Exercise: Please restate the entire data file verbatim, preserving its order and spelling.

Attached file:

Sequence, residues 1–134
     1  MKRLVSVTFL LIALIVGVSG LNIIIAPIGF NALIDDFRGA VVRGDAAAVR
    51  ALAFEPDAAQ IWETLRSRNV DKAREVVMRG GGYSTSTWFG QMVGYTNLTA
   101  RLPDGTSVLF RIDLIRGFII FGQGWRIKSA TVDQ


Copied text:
Sequence, residues 1–134
     1  MKRLVSVTFL LIALIVGVSG LNIIIAPIGF NALIDDFRGA VVRGDAAAVR
    51  ALAFEPDAAQ IWETLRSRNV DKAREVVMRG GGYSTSTWFG QMVGYTNLTA
   101  RLPDGTSVLF RIDLIRGFII FGQGWRIKSA TVDQ